Funding Injection for Better Medicine

R&D Matters

Funding Injection for Better Medicine

A billion ringgit sounds huge, but the scientific community always welcomes an increase in the size of funding for scientific research and development. Prof Dr. Norazmi Mohd Nor, Dean of School of Health Sciences of University Sains Malaysia tells why Malaysia can no longer afford to just spend one percent of its total GDP on R&D.

“Funding is a real problem not just for us, but for the entire research and development (R&D) of the scientific community in the country,” says Professor Dr. Norazmi Mohd Nor.

“We have the necessary funding to execute current programmes and lectures, but to have more funds means more R&D."

Countries like Japan and South Korea spend three to four percent of their GDP in R&D. In Malaysia, we are hovering just above one percent

Current funding of the scientific fields in the country is well above the one billion ringgit mark. But according to Dr. Norazmi, that is still below par if benchmarked against other developed nations.

“Countries like Japan and South Korea spend three to four percent of their GDP in R&D. In Malaysia, we are hovering above one percent.This gives you an idea that more needs to be done in this field," he says.

Current funding of the scientific fields in the country is well above the one billion mark. But according to Dr. Norazmi, that is still below par if benchmarked against other developed nations.

“In countries like Japan and South Korea, these countries spend three or four percent of their GDP into R&D. In Malaysia, we are still at one percent or hovering just above this figure. This gives you an idea of what needs to be done more in this field,” he says.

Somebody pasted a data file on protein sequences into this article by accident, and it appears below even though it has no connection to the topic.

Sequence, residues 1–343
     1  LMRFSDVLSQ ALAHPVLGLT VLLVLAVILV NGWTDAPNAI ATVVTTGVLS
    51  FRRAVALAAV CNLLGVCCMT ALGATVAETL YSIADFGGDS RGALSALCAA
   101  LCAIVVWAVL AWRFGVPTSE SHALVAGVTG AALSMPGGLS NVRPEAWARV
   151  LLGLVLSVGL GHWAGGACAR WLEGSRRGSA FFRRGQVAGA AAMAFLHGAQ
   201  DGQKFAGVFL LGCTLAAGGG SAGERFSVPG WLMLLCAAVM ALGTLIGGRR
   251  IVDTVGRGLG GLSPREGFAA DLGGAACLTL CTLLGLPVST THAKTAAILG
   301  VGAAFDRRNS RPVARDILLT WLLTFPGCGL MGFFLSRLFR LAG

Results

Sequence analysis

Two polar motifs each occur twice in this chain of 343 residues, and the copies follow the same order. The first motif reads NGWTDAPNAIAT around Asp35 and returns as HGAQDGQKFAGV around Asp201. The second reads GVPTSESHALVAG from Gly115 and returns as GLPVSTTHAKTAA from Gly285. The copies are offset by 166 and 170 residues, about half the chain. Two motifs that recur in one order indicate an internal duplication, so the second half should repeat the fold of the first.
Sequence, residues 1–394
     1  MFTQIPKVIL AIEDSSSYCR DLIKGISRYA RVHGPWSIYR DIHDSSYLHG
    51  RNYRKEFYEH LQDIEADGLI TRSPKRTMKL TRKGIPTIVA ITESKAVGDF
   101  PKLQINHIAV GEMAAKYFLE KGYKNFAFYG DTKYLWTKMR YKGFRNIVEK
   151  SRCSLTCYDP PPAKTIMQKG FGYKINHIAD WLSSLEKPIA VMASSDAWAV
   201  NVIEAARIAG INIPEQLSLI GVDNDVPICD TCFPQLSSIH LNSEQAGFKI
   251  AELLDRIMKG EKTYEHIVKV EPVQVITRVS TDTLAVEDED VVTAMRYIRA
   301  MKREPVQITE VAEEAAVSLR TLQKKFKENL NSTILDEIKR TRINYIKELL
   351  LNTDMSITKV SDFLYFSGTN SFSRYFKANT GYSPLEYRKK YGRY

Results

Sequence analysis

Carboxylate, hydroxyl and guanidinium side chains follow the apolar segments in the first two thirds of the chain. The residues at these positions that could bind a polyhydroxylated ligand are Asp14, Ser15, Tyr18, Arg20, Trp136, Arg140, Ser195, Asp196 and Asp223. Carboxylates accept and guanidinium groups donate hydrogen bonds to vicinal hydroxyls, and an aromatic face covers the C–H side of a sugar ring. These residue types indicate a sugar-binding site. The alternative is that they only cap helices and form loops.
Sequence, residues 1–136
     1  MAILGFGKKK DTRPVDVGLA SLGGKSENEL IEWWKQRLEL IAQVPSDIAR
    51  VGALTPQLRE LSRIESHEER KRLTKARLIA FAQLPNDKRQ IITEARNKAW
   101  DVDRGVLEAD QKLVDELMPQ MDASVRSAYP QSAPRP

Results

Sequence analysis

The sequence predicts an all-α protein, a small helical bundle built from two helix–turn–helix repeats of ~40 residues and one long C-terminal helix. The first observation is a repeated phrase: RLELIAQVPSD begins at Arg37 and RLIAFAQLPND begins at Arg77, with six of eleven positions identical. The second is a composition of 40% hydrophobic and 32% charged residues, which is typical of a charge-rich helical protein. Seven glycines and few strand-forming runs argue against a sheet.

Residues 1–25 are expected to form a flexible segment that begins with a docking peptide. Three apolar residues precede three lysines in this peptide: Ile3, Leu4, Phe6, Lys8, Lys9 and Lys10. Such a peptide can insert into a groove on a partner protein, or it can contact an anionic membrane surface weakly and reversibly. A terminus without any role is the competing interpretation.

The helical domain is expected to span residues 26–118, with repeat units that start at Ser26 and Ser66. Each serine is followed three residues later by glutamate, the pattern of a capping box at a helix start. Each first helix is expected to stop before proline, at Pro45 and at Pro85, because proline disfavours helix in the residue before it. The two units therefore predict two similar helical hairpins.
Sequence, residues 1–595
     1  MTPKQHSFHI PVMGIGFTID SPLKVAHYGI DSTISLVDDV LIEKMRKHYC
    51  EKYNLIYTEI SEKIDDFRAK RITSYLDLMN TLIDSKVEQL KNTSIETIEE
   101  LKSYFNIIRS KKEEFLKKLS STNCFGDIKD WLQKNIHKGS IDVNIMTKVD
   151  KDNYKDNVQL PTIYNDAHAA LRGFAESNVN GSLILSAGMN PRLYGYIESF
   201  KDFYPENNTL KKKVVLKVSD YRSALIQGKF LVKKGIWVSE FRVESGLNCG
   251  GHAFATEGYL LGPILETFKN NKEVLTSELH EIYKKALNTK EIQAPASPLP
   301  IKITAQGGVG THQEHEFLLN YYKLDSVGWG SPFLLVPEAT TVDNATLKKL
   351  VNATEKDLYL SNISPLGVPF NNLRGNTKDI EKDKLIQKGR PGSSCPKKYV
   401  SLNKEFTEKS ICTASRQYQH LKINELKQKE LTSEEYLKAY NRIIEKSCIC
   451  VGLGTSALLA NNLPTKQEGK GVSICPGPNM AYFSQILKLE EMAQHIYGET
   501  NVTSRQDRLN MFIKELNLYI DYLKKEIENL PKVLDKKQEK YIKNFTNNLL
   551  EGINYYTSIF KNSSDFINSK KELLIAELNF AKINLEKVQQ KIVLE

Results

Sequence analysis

Dr Norazmi also raises issues surrounding personalised medicine and health screenings including DNA testing which, he says, becoming a nor for middle class Malaysians.

“The thing about DNA testing, or any testing for that matter, is the comprehension of the risks involved that comes out of these tests,” he notes.

“You see, there are three types of testing; diagnostic testing, health screening, and risk identification testing. People must know that the risks is never absolute and therefore it never must be taken in isolation. If the tests says an individual has near-zero risk of contracting lung cancer for example, this does not mean that he or she can start smoking as much as he wants."

"Conversely, if an individual is determined to have a very high risk of contracting a certain type of cancer, this does not mean it is a death sentence, but merely an indication that the individual must come to terms with what he or she has, and perhaps adapt and change the lifestyle or diet to mitigate the risks present,” he continues.

“The fact remains, as countries progress and become more developed, more and more people want to do health screenings, be it DNA testing, blood, or any other types of testing. But it should be done with caution, and involves support and therapy to manage the necessary perceptions,” he says.

“I mean, if you go and get a HIV test, and the results come back positive. You can’t just send the patient back home and pretend as if everything is normal right?” he quips.

“That is what I mean by having the necessary support and consultation that surrounds these types of tests,”.

2 / 3

Free articles left

Subscribe now